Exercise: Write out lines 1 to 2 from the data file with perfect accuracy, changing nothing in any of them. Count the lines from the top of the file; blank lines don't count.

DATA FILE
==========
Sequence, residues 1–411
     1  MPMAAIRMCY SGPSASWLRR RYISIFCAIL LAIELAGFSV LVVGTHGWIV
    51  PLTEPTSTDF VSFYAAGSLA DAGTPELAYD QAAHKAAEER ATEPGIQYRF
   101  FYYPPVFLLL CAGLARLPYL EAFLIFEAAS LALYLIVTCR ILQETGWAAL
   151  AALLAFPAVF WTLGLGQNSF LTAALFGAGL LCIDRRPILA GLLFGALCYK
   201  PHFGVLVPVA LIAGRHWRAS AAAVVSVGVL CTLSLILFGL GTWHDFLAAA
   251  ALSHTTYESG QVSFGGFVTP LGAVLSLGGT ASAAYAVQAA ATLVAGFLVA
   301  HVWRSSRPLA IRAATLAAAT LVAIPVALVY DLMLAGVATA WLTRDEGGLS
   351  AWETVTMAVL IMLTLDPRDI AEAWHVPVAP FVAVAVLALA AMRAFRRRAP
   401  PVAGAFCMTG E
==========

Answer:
Sequence, residues 1–411
     1  MPMAAIRMCY SGPSASWLRR RYISIFCAIL LAIELAGFSV LVVGTHGWIV